The province has posted a draft regulation for public input that would prohibit the random and arbitrary collection of identifying information by police, referred to as carding or street checks.
The regulation would also establish clear and consistent rules to protect civil liberties during voluntary police-public interactions where police are seeking to collect identifying information, to ensure that those interactions are conducted without bias or discrimination, and done in a manner that promotes public confidence and keeps our communities safe.
The draft regulation – which will be posted online for comment – reflects input and feedback received through online submissions, public consultations and meetings with policing, civil liberties, privacy and community organizations as well as ethnic and cultural groups. Once in force, the regulation will be mandatory for every police service in Ontario.
There are three key parts to the draft regulation:
- The express prohibition on random and arbitrary collection of identifying information by police
- New rules to protect civil liberties during voluntary police-public interactions that take place for the purpose of keeping our communities safe from illegal activities that will require police to:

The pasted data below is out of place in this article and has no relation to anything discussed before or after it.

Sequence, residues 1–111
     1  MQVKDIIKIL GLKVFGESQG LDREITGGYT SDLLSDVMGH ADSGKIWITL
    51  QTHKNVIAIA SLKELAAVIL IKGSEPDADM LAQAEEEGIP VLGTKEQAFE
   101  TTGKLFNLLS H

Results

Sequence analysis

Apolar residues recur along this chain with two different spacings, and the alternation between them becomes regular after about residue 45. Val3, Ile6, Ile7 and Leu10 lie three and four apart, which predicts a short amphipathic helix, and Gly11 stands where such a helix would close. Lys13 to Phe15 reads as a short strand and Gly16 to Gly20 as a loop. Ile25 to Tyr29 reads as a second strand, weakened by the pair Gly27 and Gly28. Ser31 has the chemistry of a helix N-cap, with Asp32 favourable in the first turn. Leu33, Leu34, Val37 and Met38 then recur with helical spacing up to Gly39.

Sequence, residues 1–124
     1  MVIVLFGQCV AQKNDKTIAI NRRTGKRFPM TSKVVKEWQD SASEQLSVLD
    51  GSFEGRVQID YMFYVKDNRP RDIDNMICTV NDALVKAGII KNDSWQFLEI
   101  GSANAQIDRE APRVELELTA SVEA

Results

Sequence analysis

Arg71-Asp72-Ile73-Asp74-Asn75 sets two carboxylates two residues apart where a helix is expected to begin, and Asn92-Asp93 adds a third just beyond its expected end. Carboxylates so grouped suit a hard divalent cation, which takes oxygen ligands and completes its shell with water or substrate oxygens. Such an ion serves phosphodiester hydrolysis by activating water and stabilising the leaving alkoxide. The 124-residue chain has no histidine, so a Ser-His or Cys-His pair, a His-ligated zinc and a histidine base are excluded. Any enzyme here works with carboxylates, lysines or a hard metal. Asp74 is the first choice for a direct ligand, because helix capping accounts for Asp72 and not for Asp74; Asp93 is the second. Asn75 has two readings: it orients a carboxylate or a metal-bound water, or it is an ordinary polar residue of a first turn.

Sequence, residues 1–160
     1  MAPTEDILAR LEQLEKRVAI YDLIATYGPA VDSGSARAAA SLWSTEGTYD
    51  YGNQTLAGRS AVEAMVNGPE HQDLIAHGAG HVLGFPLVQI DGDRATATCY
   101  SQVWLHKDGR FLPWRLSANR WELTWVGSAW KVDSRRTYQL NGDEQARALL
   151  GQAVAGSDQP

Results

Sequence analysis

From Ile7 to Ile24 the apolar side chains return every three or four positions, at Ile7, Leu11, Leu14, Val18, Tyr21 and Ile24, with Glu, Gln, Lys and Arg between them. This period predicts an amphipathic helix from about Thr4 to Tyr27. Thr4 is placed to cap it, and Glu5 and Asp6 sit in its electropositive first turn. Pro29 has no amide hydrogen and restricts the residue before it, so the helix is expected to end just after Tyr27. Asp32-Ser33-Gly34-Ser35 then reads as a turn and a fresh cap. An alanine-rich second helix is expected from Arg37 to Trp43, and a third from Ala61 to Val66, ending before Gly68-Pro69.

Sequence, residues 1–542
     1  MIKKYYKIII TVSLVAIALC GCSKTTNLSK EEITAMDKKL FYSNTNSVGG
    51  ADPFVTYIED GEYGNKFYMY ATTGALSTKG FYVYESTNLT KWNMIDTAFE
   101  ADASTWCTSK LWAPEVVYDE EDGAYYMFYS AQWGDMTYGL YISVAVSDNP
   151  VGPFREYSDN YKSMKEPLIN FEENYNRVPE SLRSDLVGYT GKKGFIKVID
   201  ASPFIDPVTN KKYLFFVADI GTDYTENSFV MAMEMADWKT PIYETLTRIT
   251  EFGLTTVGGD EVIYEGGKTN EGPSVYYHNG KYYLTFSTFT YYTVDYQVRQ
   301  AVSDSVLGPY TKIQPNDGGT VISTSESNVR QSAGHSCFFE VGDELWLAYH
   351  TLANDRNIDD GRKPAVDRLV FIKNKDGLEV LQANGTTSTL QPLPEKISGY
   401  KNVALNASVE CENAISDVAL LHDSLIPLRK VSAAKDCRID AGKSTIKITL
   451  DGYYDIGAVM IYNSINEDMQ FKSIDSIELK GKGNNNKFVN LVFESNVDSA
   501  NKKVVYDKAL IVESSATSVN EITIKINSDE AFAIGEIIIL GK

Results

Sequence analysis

- Inform individuals that they are not legally required to provide information to the police officer
- Inform individuals that they are not required to remain in the presence of the officer
- Inform individuals why the information is being collected
- Provide information about the interactions as well as how to file complaints and access this information
- New training, data management, reporting, and other requirements to strengthen accountability and public confidence
The ministry will establish a panel of experts to support the development of the training requirements established in this regulation. The ministry will also launch a multi-year study to ensure that bias is removed from police-public interactions and to understand the impact on community safety from collecting identifying information through police interactions with the public.
The proposed regulation will ensure that all voluntary police-public interactions where police are seeking to collect identifying information are rights-based and consistent with the Canadian Charter of Rights and Freedoms as well as the Ontario’s Human Rights Code. It will also support the province’s police officers by providing them with clear and consistent rules to keep our communities safe.
- Public meetings were held in Ottawa, Brampton, Thunder Bay, London and Toronto
- The ministry received 510 written submissions: 476 online submissions from the public and 34 written submission from organizations
- The Police Services Act and its regulations set out the legal requirements for police services, police officers and police boards across the province
October 28, 2015, Ministry of Community Safety and Correctional Services